6 Keto Smoothies That Will Keep You Full for Hours
How to make a keto smoothie
Everyone from Kourtney Kardashian to Halle Berry seems to be embracing the ketogenic diet—along with some respected doctors and registered dietitians, too. And with its purported perks of weight loss without cravings, balanced blood sugar, and improved focus, who wouldn’t be intrigued?
But this low-carb, moderate-protein, high-fat way of eating leaves little room in someone’s diet for those carbohydrate-rich foods so many of us love adding to smoothies for flavor and texture (think: bananas, mangoes, pineapple, coconut water, honey). That’s because for a ketogenic diet to work (meaning, for your body to enter ketosis and burn fat for fuel), your daily carb intake should be about 50 grams or less. And that might be hard to swallow—seeing as how a mere cup of frozen mango contains 25 grams of carbs.
But if you’re a diehard smoothie lover who’s set on trying a ketogenic diet, don’t despair—you still have plenty of options. You’ll just need to adjust your expectations of how a smoothie should taste.
“We've become so used to fruit-laden, sugary smoothies that we've conditioned our brains to expect something really sweet with that first sip,” says Jessica Beacom, RDN, co-founder of The Real Food Dietitians. “When it’s not, we automatically reject it—even if it’s packed with nutritious foods. It helps to think of a smoothie more as an easy vehicle for healthy ingredients, rather than a treat or dessert.”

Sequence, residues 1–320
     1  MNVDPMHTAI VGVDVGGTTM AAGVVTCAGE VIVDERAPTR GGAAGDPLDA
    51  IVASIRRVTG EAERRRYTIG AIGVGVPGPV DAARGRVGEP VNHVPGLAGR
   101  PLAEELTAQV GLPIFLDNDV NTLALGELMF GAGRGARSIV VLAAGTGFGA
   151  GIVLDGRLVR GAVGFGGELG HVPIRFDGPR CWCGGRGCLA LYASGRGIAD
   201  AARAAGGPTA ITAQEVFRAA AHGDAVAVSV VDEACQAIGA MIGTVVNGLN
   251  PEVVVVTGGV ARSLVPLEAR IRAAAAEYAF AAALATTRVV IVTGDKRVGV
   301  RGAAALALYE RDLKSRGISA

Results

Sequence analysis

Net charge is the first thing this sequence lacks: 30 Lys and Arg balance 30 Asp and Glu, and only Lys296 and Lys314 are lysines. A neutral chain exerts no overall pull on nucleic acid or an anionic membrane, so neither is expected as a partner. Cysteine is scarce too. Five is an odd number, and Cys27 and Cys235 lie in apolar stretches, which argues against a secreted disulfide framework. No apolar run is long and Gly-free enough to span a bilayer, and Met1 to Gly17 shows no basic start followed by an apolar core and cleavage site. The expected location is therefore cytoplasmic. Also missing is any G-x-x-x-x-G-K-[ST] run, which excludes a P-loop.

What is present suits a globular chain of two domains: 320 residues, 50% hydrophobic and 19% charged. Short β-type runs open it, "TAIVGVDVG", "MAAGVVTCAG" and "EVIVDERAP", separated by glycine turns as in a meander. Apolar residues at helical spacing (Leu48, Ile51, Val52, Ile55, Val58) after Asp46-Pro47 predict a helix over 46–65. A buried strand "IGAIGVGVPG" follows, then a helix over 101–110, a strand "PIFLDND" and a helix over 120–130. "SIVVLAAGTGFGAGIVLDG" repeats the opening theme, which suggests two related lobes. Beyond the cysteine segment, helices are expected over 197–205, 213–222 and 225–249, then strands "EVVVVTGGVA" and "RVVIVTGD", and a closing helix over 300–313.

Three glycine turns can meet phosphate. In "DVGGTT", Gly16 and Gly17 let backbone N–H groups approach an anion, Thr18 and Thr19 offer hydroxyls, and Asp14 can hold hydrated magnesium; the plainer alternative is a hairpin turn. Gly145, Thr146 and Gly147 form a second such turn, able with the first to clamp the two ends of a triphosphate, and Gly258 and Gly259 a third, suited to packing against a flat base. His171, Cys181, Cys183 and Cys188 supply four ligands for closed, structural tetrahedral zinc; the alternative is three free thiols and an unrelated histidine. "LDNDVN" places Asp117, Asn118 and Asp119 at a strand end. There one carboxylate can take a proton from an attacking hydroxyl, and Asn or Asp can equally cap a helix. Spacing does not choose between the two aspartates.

But that doesn’t mean your keto smoothie has to taste gross, either. Here are a few pro tips for formulating a healthy high-fat, low-carb blend that you’ll actually enjoy—without resorting to zero-calorie sweeteners.Start with a fatty base
Use full-fat canned coconut milk as your base, which has a subtle natural sweetness. If you opt for another plant-based milk that’s lower in fat, up the fat content with some nut butter or avocado, recommends Ali Miller, RD, an integrative dietitian who runs a 12-week virtual ketosis class. “Greek yogurt made with whole milk is another good choice if you tolerate dairy,” Beacom adds.Add some non-starchy veggies
Leafy greens and other non-starchy vegetables such as cucumber, bell pepper, and broccoli are low in carbs, high in nutrients, and great for keto smoothies. Beacom recommends using milder greens like spinach and going easy on the kale, which can be bitter and may tempt you to add a sweetener. Starchier vegetables like sweet potatoes are high in carbohydrates and should be avoided.Include a quality protein source
You don’t need to overload your smoothie with protein (after all, fat is the star on a ketogenic diet), but including some is a good idea for keeping you full and building muscle, especially if you’re downing this smoothie after a workout. Get your protein from a scoop of plain whey protein powder, Miller’s favorite, or collagen peptides if you’re dairy-free. Avoid flavored protein powders, most of which contain artificial sweeteners or added sugars.
Berries are relatively low in carbs and can be used in keto smoothies in moderation (think: 1/2 cup per smoothie). Blueberries, strawberries, raspberries, and blackberries are all great choices, says Beacom. Of course, if you don’t have a problem with more savory smoothies, you can pass on the fruit altogether.Add flavor and texture boosters